End of the Line for the Ford Crown Vic

The grand daddy of American sedans finally makes way for the new kids on the block.

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    You may never have owned one, but you've probably been in the back seat, for better or worse. After 32 model years, the last Ford Crown Victorias rolled off the St. Thomas Assembly line in Ontario, Canada on September 15th, marking the end of the longest-running automotive platform in American history with over 9.6 million units sold. We take a look at how the model evolved through the years.
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    What was then called the LTD Crown Victoria hit the road in the 1979 model year on Ford's all-new "Panther" rear-wheel-drive platform, along with its near twin the Mercury Grand Marquis. Nearly half a million cars were sold in its first year. The pair would be joined by the Lincoln Town Car in 1981. Its hard to imagine today, but these vehicles were considered downsized compared to the ones that they replaced, in an effort to increase fuel economy. Ironically, their relatively gas-guzzling ways are part of the reason they are going out of production today.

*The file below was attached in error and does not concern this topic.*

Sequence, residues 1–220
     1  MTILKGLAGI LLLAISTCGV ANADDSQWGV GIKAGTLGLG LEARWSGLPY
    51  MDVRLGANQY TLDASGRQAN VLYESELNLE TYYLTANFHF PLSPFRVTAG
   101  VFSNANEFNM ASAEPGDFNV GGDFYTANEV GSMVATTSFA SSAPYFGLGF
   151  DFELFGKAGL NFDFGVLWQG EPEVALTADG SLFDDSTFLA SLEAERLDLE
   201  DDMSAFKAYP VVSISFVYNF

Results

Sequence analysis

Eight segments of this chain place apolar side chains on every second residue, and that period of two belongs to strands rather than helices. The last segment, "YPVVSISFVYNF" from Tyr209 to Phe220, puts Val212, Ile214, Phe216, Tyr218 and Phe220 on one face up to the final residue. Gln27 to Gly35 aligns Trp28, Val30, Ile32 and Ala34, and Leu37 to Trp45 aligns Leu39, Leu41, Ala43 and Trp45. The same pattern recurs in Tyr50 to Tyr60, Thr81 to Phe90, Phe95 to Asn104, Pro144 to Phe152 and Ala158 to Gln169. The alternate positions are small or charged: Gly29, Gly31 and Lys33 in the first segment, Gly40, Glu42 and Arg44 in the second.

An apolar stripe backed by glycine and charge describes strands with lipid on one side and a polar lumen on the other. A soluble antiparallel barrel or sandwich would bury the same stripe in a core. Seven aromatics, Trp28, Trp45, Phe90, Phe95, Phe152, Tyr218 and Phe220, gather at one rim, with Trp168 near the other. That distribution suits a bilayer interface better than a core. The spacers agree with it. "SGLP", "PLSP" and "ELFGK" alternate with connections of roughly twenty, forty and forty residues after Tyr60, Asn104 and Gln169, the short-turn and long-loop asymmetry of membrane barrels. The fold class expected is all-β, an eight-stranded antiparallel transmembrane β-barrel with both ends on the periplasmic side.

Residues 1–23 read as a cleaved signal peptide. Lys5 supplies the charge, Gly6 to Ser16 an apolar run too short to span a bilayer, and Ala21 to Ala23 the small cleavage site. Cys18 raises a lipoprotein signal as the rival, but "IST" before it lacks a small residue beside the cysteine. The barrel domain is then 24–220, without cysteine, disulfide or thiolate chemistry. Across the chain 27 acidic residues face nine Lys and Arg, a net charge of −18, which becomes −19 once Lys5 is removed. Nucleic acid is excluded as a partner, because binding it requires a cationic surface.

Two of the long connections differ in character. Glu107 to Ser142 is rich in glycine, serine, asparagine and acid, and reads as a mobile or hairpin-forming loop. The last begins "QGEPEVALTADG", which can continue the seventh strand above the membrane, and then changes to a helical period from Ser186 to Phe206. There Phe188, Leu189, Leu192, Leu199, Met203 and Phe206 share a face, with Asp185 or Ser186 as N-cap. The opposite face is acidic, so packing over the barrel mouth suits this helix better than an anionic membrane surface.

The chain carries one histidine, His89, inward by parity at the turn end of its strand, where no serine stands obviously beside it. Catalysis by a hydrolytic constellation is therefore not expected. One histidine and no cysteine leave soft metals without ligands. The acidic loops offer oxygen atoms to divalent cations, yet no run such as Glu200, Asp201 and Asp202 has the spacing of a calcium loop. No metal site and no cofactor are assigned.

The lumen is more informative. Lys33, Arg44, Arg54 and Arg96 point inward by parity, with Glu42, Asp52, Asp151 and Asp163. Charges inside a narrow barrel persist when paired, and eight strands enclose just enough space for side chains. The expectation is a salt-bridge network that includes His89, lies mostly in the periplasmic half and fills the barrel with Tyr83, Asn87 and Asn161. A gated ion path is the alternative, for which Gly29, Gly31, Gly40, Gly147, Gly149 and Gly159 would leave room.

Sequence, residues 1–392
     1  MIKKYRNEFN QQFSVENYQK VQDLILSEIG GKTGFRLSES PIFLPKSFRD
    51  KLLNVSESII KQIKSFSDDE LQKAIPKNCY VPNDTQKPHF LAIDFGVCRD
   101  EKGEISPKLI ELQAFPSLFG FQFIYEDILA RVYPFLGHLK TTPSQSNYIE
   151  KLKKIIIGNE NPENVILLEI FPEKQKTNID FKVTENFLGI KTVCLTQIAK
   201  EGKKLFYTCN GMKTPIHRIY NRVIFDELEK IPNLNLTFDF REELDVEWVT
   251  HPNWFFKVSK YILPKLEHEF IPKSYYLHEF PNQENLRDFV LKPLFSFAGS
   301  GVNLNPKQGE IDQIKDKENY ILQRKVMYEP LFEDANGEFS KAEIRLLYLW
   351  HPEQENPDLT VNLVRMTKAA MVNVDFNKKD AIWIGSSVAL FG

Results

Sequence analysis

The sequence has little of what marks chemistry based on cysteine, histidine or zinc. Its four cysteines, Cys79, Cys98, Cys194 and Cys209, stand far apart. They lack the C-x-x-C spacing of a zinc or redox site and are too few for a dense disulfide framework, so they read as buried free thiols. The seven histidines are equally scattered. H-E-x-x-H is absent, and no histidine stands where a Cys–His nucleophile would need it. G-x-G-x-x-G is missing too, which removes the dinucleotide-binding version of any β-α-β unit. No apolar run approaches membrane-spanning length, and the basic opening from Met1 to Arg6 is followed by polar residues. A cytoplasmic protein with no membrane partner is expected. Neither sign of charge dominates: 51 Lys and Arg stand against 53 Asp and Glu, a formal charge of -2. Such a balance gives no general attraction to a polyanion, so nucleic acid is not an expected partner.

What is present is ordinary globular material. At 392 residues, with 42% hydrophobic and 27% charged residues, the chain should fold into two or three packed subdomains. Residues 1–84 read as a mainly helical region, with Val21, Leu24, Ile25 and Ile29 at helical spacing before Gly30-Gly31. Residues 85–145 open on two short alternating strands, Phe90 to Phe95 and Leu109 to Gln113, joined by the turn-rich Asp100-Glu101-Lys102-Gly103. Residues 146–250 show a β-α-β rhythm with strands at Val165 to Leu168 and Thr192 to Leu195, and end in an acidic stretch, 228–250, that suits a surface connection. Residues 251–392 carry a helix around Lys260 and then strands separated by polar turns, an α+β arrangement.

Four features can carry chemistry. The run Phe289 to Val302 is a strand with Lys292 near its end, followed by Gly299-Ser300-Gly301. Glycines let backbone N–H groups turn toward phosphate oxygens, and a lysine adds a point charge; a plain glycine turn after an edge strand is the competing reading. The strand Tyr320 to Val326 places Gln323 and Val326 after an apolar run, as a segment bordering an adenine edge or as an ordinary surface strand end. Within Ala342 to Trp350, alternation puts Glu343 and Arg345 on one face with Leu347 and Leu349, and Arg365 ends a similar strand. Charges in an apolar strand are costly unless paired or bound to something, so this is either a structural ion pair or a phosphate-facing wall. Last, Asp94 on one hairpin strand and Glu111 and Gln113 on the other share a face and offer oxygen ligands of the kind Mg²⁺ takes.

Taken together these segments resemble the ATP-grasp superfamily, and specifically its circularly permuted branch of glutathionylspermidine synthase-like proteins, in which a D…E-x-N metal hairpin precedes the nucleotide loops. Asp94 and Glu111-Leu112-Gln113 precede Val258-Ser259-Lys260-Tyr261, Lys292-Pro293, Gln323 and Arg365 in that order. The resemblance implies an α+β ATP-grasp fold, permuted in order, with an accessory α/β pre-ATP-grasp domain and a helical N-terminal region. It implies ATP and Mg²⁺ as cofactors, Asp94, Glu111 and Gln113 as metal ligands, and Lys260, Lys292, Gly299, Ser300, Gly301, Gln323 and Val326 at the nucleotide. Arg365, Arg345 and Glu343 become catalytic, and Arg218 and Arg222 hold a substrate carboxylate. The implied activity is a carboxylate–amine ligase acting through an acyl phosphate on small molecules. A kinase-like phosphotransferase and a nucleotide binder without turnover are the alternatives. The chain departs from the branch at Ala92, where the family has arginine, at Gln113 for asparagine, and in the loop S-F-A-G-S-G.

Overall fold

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    In 1992 the Crown Victoria (now without the LTD name) received a radical makeover, forgoing its boxy design for a sleek aerodynamic shape inspired by the then-popular Taurus sedan. It also shrugged off its ancient V8 engines for an all new "modular" 4.6-liter that would later find duty in the Ford Mustang. Despite turning its back on tradition the car was a hit with sales going through its curvaceous roof.
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    1998 brought yet another major redesign that created the signature look that the Crown Victoria would wear through the end of its life. 
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    In 2002 Ford begins offering a long-wheelbase version of the Crown Vic Taxi with extra rear legroom that's embraced by city-dwellers nationwide.
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    Although its body remained largely unchanged, in 2003 the Crown Victoria received major mechanical upgrades to improve durability, handling and safety in large part to the demands put on it as America's most popular police car.
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    Facing dwindling retail sales and with the all new full-size Five Hundred sedan to promote, in 2008 Ford moved the Crown Victoria to its fleet sales division, effectively turning it into a full-time taxi and police car.
    © 2007 Ford Motor Company
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    Proving the Panther is hard to kill, the Grand Marquis unintentionally outlives the elimination of its Mercury brand at then end of 2010 when a late parts shipment pushes production of the last cars into 2011.
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    Sales of the Crown Vic and Town Car increase in 2011 as police, taxi and limousine companies scramble to stockpile as many as they can before it reaches the end of the line.
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